Egypt J Pediatr Allergy Immunol, (October 2008), Volume No. 6, Issue 02  
Egypt J Pediatr Allergy Immunol 2008 ; 6 ( 02 ) : 69-76 -
, ESP - 75  
Cell-mediated immunity in recent-onset type 1 diabetic children
Wafaa E. Ibrahim   Hala G. Mohamed   Hanan H. Ali   Esmail E. El-Sharnoby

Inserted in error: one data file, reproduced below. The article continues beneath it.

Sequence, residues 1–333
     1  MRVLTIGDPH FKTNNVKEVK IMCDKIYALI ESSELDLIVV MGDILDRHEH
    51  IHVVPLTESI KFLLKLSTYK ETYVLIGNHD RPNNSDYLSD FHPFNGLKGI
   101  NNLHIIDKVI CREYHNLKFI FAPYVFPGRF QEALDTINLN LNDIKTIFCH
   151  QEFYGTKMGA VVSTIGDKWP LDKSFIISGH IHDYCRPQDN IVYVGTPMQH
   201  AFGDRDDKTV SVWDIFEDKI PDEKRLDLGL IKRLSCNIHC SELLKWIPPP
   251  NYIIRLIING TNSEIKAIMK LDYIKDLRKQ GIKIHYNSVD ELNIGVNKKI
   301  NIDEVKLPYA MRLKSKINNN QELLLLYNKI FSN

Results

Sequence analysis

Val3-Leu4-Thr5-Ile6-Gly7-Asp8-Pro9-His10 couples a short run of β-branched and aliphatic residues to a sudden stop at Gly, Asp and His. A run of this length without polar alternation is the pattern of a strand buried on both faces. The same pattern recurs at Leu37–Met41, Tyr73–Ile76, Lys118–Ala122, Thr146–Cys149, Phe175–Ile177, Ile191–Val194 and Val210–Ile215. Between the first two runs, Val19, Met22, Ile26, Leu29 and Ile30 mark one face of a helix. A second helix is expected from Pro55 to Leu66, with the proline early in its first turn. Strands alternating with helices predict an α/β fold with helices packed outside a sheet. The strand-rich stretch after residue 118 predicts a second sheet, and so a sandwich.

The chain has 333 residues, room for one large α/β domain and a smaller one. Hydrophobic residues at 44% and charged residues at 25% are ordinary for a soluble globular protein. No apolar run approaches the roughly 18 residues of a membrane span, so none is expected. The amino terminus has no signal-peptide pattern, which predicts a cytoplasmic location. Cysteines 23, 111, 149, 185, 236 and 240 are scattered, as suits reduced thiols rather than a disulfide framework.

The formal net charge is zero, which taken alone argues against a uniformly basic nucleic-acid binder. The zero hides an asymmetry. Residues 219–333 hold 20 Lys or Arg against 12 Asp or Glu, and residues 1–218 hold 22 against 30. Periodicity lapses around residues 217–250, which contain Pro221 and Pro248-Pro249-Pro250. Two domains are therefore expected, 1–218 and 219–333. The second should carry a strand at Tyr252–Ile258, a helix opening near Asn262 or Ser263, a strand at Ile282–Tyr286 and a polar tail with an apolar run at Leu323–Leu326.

Background: The ability to suppress an immune response makes regulatory T-cells (T-reg) an attractive candidate as a novel therapeutic agent for treating autoimmune diseases. The mechanisms involved in maintenance of peripheral tolerance include a specialized subset of regulatory-T-cells (Treg) within the T-cell population. The CD4+ CD25+ T-cells may be important in modulating the risk for autoimmunity. Auto-reactive cytotoxic T-cells recognize peptide epitopes displayed on the beta cells surface in the context of HLA class1 molecules. A population of CD8+ regulatory T-cells characterized by expression of CD25 and FOXP3 have been identified and induced in the human peripheral blood cells. The regulatory activity of these cells is on autologous, antigen-reactive CD4+ T-cells in a cell contactdependent manner. These findings provide an evidence for a new mechanism for induction of immune regulation in human. Objective: This study was aiming to assess the cellular immune parameters including the percentage of CD4+, CD8+, CD4+/CD8+ ratio,CD4+CD25+, CD8+ CD25+ lymphocytes, which may have its application in developing immune therapy based tools for halting disease progression. Methods: This study was conducted on 20 children of recent onset type 1 diabetes (disease duration <6 months) who were compared to 10 healthy children. Each child was subjected to determination of CD markers by flow cytometer. Results: The patients group shows a significantly lower CD8+ lymphocyte percentage (p<0.01) and significantly lower CD8+ CD25+ lymphocytes percentage (p<0.05) compared to control group. The CD4+, CD4+/CD8+ ratio, CD4+ CD25+ was not significantly different (p>0.05) between the two groups. A significant inverse correlation was found between CD4+ CD25+ T-cells and HbA1c percentage among patients group (p<0.05).Also a significant difference in the percentage of CD4+ CD25+ T-cells was found when patients with HbA1c<8% were compared to those with HbA1c>8% (the latter group had significantly lower percentage of CD4+ CD8+ T-cells). Conclusion: Type 1diabetes is characterised at its onset by a lowered percentage of CD8+ and CD8+ CD25+ T-cells in peripheral blood, a normal percentage of CD4+ and CD4+ CD25+ T-cells. There may be an inverse correlation between percentage of CD4+ CD25+ T-cells at disease onset and HbA1c level after three months. These data support the hypothesis that a defect in function or deficiency in number of T- regulatory cells may affect the pathogenesis of type 1 diabetes.